Fuse #8

Friday, June 02, 2006

Review of the Day: The Homework Machine

Today is Friday, so we shall begin with a poem by Shel Silverstein. *ahem*

The Homework Machine
The Homework Machine, oh the Homework Machine,

Most perfect contraption that's ever been seen.
Just put in your homework, then drop in a dime,
Snap on the switch, and in ten seconds' time,
Your homework comes out, quick and clean as can be.
Here it is--"nine plus four?" and the answer is "three."
Three?
Oh me . . .
I guess it's not as perfect
As I thought it would be.

And now the review....

Yet another fun title from Dan, the man of Gut. Dan Gutman churns out children’s books at the rate that brings to mind that “I Love Lucy” sketch involving the chocolate assembly line. His books keep coming and coming and it’s anybody’s guess on what the quality is going to be from time to time. Add insult to injury the fact that I sometimes get Gutman mixed up with fellow prolific kiddie author Dan Greenburg and it shouldn’t be any wonder at all that I went into, “The Homework Machine” with a bit of trepidation. Still, I’d heard good things about this book. This is one of those titles that slowly but surely is gathering praise until someday you may not be able to say the word “Gutman” without the instantaneous image of a homework machine popping instantly to mind. Or maybe not. Maybe it’s just a fun book that kids will adore and that manages to be simultaneously silly and serious while unwinding a truly interesting story. Whatever the case, this is certainly one of the best books of jolly old 2006.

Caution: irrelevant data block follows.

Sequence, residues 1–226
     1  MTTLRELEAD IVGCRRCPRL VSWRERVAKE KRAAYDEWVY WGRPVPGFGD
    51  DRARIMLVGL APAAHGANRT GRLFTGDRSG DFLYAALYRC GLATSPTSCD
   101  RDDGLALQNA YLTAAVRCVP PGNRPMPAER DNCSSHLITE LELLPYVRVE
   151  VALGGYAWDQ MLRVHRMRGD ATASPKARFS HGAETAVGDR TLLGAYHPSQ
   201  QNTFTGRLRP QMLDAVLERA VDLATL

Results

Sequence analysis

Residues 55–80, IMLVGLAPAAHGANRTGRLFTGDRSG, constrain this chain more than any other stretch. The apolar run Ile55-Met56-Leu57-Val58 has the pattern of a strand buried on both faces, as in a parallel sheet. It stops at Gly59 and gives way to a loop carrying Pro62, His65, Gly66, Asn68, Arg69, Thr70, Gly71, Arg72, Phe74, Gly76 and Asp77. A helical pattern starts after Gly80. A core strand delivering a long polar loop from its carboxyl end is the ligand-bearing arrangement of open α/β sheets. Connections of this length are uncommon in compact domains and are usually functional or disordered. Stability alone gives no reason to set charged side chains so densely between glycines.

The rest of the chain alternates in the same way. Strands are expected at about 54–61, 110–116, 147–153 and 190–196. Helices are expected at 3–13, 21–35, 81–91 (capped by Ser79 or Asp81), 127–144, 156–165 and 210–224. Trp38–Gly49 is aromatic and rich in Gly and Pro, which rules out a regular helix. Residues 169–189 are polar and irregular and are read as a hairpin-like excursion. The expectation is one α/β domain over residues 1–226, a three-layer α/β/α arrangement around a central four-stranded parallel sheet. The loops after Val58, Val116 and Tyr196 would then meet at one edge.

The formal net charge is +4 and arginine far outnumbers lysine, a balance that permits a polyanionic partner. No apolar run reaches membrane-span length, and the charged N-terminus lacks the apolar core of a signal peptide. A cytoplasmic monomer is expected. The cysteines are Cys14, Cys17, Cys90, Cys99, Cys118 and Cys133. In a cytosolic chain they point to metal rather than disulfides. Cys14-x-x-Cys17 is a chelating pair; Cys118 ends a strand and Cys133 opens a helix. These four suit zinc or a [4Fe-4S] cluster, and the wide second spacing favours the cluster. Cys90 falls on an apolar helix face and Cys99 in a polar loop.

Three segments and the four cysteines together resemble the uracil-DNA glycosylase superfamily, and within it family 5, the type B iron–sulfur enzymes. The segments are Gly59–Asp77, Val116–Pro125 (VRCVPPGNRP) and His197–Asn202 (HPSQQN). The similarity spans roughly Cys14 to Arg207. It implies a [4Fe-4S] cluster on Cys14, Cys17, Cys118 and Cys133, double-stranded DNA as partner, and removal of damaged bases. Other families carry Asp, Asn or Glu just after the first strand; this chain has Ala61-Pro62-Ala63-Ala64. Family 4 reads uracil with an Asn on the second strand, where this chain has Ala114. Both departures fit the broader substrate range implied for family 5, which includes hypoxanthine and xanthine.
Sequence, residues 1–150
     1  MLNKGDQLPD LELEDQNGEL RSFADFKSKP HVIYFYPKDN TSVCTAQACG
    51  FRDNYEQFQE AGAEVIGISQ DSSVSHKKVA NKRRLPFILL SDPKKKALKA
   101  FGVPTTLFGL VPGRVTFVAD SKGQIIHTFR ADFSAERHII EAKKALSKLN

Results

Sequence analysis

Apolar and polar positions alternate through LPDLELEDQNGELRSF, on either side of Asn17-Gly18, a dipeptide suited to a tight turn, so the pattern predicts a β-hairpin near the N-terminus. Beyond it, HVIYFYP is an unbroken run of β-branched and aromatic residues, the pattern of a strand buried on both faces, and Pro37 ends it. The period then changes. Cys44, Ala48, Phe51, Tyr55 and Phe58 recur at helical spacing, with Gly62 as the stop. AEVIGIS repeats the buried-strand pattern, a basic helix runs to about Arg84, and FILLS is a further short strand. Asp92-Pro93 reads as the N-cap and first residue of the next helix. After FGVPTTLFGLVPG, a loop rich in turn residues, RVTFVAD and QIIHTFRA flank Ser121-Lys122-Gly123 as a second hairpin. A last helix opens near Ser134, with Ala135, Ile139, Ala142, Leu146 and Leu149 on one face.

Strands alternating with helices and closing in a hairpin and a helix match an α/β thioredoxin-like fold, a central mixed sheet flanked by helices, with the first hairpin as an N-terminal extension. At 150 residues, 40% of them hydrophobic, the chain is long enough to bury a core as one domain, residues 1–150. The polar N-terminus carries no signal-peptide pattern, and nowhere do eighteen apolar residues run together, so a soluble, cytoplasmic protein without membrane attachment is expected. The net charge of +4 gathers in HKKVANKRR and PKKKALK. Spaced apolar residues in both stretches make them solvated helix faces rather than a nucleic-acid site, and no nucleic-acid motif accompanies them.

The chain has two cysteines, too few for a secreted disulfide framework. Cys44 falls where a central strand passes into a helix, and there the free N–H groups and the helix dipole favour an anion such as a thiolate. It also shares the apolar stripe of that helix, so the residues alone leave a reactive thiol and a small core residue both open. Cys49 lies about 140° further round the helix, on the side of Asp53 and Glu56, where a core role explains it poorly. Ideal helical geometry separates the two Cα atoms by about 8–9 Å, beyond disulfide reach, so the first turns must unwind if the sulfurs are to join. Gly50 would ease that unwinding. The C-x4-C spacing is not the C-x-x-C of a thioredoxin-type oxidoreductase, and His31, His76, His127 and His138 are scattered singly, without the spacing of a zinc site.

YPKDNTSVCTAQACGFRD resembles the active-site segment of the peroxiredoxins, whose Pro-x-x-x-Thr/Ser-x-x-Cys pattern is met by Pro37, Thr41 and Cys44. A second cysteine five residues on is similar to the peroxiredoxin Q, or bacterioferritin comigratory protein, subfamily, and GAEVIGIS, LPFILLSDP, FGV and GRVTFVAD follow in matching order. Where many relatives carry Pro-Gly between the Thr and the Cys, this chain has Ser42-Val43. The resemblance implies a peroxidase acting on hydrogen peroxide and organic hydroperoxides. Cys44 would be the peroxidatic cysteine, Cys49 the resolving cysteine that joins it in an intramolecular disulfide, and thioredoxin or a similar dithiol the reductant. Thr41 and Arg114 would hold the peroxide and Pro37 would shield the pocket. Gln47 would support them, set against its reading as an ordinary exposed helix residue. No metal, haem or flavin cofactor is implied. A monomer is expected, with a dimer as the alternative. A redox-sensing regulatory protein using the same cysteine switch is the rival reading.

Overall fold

It’s all over now. What’s done is done. The only thing left is to interview the kids themselves and get their side of the story. There’s Sam Dawkins a.k.a Snikwad (“Dawkins” backwards) a.k.a Snik. He’d just started as the new kid in a fifth grade class at the Grand Canyon School. Snik’s a little high-strung and testy to begin with. Then he and three other students are put together into a little group. There’s Kelsey who doesn’t care too much about school. More on getting her hair dyed pink. Then there’s Judy. She’s already aiming for law school and nothing’s going to stop her now. And finally, and most importantly, there’s Brenton. Brenton was the whole reason all this started. Brenton was the genius. Brenton was the kid who came up with the homework machine. At first, these wholly different kids become good friends through a single invention. But when all four start using the machine for their own homework every day, things start to get out of hand. Suspicions are leveled. People are betrayed. A mysterious stranger is stalking them. And worst of all, it seems like the machine has taken on a life of its own.